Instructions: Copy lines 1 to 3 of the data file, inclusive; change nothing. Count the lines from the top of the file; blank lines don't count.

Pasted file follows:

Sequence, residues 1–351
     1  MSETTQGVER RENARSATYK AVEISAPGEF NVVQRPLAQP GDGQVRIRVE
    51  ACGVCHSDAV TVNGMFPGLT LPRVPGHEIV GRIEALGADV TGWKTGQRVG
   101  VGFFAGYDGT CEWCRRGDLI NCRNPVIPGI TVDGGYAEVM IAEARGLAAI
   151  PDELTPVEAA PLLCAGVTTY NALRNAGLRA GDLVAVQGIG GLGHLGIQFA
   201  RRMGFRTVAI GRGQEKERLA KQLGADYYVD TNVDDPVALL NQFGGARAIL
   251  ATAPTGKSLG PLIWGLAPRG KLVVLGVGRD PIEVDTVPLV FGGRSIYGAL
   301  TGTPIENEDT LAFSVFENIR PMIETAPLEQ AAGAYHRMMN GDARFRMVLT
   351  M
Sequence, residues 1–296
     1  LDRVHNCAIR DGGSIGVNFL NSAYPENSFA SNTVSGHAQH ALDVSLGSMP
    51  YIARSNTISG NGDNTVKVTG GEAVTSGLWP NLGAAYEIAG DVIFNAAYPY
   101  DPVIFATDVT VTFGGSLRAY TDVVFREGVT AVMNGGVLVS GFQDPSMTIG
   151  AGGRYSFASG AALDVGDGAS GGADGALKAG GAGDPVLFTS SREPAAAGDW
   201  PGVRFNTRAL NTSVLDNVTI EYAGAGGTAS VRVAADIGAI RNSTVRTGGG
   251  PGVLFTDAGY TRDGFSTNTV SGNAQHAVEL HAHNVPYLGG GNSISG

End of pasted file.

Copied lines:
Sequence, residues 1–351
     1  MSETTQGVER RENARSATYK AVEISAPGEF NVVQRPLAQP GDGQVRIRVE
    51  ACGVCHSDAV TVNGMFPGLT LPRVPGHEIV GRIEALGADV TGWKTGQRVG